The unconventional approach taken by the authors of the book40 Ways to Look and Brigham Young makes for convenient and informative reading. They take an aspect of his personality, a particular way he was viewed by others, or simple hard data and put each into a series of 40 chapters. These chapters are not necessarily chronological but portray each trait, view or incident as it relates to the total man and his total life.
Below, I’ve listed some of the things I learned about him that may not have been common knowledge to the average Mormon:
- Brigham Young had more than 30 wives. Not all at once, of course, he outlived several and at least 10 and possibly 2 more divorced him. Two or three younger ones were only married to him while they crossed the plains and then divorced him. I guess marriages were a bit more “fluid” in those days. A divorced General Authority in the Church today is completely unacceptable. (Other GAs back then were divorced from plural wives as well. Orson Pratt eventually divorced his first wife.)
- Brigham was considerably enlightened when it came to dealing with the Indians. Although he said the Mormons were prepared to kill every Indian if necessary, he could not figure out why a man would shoot an Indian for stealing something when the Indian didn’t know any better and not a white man for doing the same thing who was taught it was wrong. The culture of the Indians was quite exasperating to Brigham, however, and he tried to convert and civilize them as best could be done.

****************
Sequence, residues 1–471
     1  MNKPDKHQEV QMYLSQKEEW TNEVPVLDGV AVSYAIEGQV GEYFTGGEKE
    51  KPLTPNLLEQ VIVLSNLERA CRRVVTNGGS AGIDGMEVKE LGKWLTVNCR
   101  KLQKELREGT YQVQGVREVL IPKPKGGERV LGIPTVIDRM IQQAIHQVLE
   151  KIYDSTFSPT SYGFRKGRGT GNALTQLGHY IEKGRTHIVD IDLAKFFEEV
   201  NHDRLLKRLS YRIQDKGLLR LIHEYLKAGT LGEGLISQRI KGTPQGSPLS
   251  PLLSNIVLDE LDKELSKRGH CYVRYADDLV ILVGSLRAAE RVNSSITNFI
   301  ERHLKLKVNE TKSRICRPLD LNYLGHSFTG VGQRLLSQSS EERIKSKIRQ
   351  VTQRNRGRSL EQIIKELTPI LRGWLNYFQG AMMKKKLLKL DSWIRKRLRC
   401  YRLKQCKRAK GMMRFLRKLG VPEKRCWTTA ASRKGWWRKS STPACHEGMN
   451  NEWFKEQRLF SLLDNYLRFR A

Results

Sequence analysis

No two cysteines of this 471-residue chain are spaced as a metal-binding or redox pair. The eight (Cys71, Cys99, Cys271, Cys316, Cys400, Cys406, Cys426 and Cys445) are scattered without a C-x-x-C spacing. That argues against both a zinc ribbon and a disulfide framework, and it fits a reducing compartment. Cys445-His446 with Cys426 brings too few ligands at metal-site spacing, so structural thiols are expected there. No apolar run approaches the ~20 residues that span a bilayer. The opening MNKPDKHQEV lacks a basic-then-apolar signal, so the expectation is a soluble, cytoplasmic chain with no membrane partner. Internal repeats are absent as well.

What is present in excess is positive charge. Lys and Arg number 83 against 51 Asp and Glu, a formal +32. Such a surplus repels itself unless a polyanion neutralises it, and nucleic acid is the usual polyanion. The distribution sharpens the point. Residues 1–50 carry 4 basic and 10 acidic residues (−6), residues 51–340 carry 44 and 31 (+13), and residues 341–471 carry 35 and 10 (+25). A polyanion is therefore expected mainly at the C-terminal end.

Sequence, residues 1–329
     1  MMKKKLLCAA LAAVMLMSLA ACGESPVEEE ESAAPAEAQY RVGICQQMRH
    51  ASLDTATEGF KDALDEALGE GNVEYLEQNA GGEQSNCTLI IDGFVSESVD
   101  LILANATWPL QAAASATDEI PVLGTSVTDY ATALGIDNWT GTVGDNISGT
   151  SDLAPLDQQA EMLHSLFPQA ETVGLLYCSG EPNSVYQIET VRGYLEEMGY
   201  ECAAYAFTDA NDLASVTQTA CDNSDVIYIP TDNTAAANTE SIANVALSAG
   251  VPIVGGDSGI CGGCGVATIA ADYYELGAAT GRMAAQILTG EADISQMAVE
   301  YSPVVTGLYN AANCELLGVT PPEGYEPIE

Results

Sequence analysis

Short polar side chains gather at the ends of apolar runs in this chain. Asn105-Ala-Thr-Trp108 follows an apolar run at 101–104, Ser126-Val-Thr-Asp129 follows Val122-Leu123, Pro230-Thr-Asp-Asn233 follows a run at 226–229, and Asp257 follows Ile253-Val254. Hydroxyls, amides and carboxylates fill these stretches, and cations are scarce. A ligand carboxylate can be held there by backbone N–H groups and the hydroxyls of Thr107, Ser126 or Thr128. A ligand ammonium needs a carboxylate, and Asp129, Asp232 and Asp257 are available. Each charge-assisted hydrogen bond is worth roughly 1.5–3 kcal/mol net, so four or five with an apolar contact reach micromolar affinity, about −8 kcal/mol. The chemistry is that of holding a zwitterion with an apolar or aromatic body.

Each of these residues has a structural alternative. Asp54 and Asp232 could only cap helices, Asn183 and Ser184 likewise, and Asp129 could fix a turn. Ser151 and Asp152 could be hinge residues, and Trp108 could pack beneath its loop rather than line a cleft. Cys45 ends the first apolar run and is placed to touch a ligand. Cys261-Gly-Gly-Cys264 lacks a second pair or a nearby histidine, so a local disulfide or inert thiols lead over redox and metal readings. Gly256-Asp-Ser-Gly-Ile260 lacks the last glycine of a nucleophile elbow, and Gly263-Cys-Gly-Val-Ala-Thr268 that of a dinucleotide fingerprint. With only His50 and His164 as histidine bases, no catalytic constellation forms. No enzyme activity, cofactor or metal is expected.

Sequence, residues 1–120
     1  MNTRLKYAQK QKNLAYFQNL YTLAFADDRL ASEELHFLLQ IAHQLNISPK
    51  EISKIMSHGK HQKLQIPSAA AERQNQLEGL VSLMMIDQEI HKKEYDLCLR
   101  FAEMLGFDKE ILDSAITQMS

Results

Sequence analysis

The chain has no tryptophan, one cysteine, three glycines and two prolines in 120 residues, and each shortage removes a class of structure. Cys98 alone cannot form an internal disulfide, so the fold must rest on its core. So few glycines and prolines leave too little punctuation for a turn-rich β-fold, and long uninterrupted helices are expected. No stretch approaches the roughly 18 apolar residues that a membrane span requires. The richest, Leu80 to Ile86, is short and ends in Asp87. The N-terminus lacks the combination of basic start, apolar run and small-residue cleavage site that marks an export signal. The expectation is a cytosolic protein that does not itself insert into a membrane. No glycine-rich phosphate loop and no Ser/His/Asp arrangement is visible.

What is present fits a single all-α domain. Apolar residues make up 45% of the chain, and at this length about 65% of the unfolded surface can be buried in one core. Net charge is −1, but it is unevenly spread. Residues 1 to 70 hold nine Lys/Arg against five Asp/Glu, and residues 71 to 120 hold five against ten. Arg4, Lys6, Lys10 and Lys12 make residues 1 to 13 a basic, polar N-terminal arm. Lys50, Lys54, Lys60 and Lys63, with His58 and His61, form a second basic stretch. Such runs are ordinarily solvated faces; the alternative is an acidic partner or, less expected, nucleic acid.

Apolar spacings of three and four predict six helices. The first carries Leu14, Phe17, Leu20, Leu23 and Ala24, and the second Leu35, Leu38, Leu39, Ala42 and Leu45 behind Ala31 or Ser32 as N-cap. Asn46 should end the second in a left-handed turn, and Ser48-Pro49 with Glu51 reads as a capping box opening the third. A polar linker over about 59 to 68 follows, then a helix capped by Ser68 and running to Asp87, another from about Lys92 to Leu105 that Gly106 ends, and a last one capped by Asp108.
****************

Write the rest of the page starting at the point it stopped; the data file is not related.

- He tried to be a good steward of nature. When annual celebrations were held in the mountains commemorating the arrival of the Saints in the Salt Lake Valley, he personally stayed afterwards, alone, to make sure all the campfires were completely put out. He advised settlers to minimize the number of trees they cut down and encouraged sawmills and frame houses to make the most use of the wood. He went to great efforts to preserve City Creek Canyon in its natural state and lamented the creek’s necessary destruction within the city.
- Brigham was somewhat self-conscious about his lack of formal schooling, particularly his inability to spell correctly. (His spelling was really bad—even worse than mine.) This may have been a contributing factor in his development and encouragement of the Deseret Alphabet. One goal of this unique and totally phonetic alphabet (which was loosely based on short-hand techniques) was to aid foreign-language converts to be literate in the English language’s often irrational spelling conventions. Of course this idea was a total flop, but Brigham was certainly not unique in his attempt to make the English writing style more reasonable. He thought he might just have the power to start a revolution in this arena of society, being isolated as the Mormons were at the time. Didn’t have some conspiracy to control all, just wanted to take advantage of every perceived opportunity. Some ideas paid off, for the betterment of the human race, and others didn’t.
- Much more to come. (If I get around to it.)
- For a graphic I created that compares Brigham Young’s wives, when he was married to them, and how many he had at a given time, click here: Brigham Young’s Wives